If you are a parent of a child between the ages of 5 and 13, you are probably familiar with the game called Minecraft. This is a brick sandbox game available on different platforms but for kids it’s more than just a video game.

Minecraft allows kids to build their creative muscles while building and exploring. It also allows them to interact with others on a social level. In fact, they seem to be developing a completely different language that is becoming more and more resonant to parents.

Even if you have no idea what half of the things they talk about, it’s easy to see that they’re having a good time. While Minecraft doesn’t seem too violent, aside from the occasional sheep or pig explosion, you shouldn’t worry too much about it.

However, like most parents, you probably still have trouble letting your kids play Minecraft, especially since they seem to spend hours and hours in those blocky worlds virtual reality Minecraft online. As a parent, you should be wondering who your kids are playing with online, what they are doing, and if something is going on, you should be concerned.

Internet Stranger Danger

The idea of ​​»alien danger» is often a physical, hands-on type of practice, but the same concepts can apply online as well. Make sure your Minecrafter knows that not everyone online is their friend and that even people who say they are kids can’t actually be kids and someone they shouldn’t be talking to.

Make sure they know that people online may try to scam them by providing personal information such as their name, school name or address where they live and other facts about them. Scammers can also target kids to try and trick them into getting their mom or dad’s credit card information, perhaps with the purported reward that they get something cool out of it.

Talk to your kids about this type of thing and make sure they never give out their name. E-mail address address, school information or anything else personal. It’s also important to make sure that their online nickname used in Minecraft doesn’t contain any part of their real name, or even the name of the city you live in.

Protect from malware

Before you allow your Minecrafter to use multiplayer when they connect with other online players in the game, make sure the device you are using has the latest fixes security for operating system and everything else they use to play. is updated in the same way as the web browser and the Minecraft game itself.

If your child is a moderately experienced Minecrafter and has been online for a while, chances are they have discovered the world of Minecraft mods and other downloads that have been developed by Minecraft enthusiasts. «Mods» can be a really great addition to Minecraft, allowing all new Minecraft related experiences for your child.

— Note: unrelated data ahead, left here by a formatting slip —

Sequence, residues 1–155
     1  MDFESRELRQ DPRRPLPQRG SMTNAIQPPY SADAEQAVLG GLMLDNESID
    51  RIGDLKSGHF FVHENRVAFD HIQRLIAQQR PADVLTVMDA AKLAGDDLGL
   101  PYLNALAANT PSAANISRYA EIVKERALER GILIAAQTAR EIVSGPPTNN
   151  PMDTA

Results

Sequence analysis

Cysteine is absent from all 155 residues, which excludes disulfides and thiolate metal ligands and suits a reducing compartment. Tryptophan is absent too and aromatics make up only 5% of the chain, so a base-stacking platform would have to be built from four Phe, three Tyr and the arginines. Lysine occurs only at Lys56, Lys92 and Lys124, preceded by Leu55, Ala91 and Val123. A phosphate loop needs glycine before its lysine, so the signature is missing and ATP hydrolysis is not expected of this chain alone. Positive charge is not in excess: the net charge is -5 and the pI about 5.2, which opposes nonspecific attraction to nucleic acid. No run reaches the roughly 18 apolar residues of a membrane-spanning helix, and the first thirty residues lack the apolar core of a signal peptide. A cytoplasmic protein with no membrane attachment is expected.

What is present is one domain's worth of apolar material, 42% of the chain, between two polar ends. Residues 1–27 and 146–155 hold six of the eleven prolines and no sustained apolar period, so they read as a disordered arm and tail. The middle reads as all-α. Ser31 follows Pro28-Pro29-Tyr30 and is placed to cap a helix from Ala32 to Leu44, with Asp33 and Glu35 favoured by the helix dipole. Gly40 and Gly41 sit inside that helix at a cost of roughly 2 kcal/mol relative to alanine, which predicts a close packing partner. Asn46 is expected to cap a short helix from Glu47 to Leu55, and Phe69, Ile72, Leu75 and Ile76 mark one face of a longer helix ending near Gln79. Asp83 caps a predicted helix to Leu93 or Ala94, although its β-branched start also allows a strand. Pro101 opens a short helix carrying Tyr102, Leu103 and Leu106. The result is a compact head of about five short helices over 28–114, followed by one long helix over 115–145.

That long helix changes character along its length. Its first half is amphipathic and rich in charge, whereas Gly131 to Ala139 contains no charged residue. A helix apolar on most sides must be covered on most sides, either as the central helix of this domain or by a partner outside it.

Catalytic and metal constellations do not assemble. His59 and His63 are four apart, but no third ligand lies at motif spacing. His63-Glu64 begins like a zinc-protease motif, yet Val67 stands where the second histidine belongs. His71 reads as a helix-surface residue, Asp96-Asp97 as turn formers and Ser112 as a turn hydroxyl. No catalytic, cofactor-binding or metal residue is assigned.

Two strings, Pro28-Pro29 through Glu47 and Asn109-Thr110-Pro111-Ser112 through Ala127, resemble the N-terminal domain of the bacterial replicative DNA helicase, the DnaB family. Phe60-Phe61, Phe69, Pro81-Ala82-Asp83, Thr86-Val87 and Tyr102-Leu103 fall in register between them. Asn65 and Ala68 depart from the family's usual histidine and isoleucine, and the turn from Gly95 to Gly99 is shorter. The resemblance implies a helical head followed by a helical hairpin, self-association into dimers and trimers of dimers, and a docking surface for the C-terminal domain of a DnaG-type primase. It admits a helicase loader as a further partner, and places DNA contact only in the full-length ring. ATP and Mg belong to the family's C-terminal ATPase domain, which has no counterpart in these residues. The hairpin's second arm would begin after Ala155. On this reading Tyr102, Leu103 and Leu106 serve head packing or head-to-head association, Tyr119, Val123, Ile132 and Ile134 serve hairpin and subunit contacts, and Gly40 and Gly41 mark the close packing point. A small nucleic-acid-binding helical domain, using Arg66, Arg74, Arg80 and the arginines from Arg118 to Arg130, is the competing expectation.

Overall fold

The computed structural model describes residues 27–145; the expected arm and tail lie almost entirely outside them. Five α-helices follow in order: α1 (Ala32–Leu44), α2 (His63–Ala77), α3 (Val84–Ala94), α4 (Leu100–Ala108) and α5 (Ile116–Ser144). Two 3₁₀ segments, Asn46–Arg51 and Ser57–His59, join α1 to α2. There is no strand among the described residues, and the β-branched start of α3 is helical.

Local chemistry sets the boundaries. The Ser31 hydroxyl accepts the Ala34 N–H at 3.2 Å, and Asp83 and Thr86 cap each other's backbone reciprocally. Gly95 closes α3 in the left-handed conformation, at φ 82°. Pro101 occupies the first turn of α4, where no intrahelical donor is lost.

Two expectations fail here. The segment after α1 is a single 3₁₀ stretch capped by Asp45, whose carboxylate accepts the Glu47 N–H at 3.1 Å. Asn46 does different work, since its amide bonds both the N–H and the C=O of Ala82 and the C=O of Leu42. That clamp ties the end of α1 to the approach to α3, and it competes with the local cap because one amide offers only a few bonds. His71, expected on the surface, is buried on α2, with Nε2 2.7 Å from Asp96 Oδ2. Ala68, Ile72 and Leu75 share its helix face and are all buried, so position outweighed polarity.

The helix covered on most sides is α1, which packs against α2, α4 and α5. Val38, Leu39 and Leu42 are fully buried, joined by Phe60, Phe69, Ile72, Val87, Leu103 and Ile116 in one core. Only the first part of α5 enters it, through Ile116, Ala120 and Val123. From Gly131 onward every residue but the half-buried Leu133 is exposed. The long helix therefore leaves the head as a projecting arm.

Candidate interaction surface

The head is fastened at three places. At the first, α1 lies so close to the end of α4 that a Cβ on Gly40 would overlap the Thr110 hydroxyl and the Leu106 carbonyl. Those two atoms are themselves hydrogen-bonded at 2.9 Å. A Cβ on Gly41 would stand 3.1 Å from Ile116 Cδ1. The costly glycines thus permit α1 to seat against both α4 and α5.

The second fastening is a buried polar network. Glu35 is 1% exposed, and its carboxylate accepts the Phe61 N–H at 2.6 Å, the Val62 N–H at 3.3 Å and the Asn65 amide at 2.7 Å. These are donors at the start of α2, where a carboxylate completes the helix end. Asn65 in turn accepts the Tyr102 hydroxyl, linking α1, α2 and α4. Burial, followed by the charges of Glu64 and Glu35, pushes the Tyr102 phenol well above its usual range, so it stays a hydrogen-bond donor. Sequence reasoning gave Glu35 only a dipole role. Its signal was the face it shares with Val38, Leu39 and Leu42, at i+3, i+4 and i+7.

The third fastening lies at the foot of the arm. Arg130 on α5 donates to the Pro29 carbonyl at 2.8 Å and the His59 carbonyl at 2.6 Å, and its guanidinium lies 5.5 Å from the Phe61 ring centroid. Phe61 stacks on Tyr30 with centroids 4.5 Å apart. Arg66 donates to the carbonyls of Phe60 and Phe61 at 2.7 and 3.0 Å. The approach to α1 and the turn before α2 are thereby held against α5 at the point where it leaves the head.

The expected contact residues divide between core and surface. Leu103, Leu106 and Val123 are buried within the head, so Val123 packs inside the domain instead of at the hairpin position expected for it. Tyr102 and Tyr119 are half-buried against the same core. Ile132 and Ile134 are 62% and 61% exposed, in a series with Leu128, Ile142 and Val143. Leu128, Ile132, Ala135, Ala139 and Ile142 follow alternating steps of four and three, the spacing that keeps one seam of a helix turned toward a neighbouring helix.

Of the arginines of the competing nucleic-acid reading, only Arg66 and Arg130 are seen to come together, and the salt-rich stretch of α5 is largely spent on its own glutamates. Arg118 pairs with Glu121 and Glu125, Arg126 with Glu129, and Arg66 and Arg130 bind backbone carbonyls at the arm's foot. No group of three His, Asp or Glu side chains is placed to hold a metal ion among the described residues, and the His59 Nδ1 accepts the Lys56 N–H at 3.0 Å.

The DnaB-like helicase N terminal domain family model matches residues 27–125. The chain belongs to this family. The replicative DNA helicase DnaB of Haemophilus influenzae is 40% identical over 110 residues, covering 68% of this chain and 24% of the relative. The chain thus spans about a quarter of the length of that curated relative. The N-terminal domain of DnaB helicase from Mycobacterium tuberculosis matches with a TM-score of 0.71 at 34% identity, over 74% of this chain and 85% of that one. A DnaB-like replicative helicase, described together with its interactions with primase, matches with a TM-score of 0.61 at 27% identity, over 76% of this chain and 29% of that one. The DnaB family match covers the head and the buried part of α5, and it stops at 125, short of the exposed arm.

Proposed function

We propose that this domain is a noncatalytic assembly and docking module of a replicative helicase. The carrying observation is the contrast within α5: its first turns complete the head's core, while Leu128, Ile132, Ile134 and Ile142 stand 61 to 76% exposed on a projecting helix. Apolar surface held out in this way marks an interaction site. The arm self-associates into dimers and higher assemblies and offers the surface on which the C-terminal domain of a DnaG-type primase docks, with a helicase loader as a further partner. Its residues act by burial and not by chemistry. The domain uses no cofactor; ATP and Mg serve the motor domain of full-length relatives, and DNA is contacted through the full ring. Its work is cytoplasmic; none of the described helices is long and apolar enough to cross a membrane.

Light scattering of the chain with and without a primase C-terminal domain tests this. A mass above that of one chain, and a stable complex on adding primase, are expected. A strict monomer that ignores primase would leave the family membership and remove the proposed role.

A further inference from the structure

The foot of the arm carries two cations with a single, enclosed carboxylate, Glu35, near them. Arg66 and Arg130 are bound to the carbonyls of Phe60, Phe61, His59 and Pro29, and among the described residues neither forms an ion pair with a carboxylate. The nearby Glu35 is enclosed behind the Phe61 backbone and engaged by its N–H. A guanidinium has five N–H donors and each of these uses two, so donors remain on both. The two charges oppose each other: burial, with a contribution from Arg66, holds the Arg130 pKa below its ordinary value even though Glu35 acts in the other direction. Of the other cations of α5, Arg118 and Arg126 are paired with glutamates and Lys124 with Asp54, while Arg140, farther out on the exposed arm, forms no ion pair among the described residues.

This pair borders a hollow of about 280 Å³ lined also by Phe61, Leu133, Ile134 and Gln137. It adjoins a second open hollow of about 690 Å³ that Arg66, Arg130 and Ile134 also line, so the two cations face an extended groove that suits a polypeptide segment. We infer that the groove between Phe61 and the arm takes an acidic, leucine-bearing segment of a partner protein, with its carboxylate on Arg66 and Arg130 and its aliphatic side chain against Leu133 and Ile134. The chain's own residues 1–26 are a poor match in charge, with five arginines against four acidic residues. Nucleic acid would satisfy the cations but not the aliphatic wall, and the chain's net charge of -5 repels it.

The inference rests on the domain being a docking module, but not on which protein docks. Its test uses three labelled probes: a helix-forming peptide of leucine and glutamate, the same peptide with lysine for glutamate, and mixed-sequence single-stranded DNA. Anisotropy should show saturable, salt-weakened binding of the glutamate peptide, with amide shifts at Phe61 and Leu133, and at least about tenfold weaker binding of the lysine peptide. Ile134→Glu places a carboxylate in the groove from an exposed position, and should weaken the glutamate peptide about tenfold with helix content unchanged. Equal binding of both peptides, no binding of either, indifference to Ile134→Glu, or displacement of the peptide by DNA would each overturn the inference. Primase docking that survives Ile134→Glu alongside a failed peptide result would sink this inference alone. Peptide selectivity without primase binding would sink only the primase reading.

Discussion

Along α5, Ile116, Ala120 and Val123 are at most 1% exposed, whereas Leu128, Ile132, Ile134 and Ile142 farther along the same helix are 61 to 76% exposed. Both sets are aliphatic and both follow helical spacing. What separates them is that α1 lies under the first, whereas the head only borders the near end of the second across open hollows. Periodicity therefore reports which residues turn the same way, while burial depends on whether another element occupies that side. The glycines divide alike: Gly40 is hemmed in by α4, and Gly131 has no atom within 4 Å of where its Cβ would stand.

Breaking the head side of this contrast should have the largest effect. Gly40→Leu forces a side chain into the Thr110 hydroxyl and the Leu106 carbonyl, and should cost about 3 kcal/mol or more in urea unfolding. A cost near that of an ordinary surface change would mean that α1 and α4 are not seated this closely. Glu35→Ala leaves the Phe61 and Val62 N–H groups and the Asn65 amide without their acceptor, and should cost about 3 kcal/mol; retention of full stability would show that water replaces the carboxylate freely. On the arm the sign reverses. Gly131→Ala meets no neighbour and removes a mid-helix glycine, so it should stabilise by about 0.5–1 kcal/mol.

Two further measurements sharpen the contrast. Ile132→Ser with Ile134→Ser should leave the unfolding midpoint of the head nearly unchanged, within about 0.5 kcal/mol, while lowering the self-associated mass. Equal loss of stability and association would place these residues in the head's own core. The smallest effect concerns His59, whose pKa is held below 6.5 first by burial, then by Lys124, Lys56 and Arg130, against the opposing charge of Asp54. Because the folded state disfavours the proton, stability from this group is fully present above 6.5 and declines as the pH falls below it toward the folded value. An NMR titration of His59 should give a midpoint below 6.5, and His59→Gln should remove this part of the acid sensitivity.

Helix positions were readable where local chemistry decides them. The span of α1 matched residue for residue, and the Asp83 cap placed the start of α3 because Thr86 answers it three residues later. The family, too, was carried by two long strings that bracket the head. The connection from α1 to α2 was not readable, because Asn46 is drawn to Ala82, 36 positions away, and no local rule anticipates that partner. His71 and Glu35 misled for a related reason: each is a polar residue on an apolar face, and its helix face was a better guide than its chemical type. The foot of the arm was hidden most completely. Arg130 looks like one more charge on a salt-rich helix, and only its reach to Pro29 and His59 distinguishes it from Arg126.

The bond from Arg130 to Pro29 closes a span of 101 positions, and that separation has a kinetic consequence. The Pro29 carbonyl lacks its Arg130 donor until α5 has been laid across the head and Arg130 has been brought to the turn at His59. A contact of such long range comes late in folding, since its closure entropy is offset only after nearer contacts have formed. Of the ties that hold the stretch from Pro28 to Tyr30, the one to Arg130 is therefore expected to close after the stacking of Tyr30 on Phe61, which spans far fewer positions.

Unfortunately, hackers and scammers can create malware, which masquerade as Minecraft mods and your child can download them and infect their computer with malware, spyware, ransomware and all other kinds of malware.

The best way to protect your Minecrafter and your computer is to make sure your antivirus software updated. If you don’t already have virus protection on your computer, there are many free to choose from, so you don’t have to buy anything.

As a second line of defense, consider periodically scanning with some spyware removal tools to help detect malware that your advanced scanner may have missed.

Check them out

Sometimes the only way to know what’s going on with your child is to watch them while they’re in the world of Minecraft. Click on them and check who they are talking to. Ask them if they’re talking to someone who isn’t a true friend, find out what they’re saying, and make sure they don’t hang out with random strangers.

Most Minecraft servers have a public chat feature that everyone on the server can see. This is triggered when the user clicks key T. Some servers allow user-to-user private messages, but not all servers, and you can’t tell if they do unless you look through the list of available server commands (by pressing the / ).

If your kids want to chat with their friends while on the Minecraft servers, it might be best for them to use Skype or some other private chat platform and asked them to allow you to approve all friend additions so they only chat with friends you approve, not random strangers.

Use parental controls

If your kids are like most, they’re probably glued to YouTube for hours a day, and there’s a ton of Minecraft-related content on YouTube. Some of the YouTubers who produce Minecraft content are aware of the fact that their audience may consist primarily of children between the ages of 6 and 12, and they will try to keep the language and content at an age appropriate level.

Unfortunately, there are plenty of other YouTubers who just don’t care who listens to them and will drop f-bomb after f-bomb, causing parents to cringe and run to their kid’s rooms looking for the mute button.

We haven’t seen a definitive list of «family-friendly» Minecraft YouTubers, but we’ve done some research and found some names that seem to be on the clean side. LDShadowLady , IHasCupquake , smallishbeans , Aphmau , Stampy longhead and Paulsoaresjr are some of the cleaner YouTubers that contain Minecraft related content.

In addition to telling your kids who to watch and who to avoid, you can include youtube parental controls . Some inappropriate content may still get to your child, but at least it’s better than no content filtering.

Похожие записи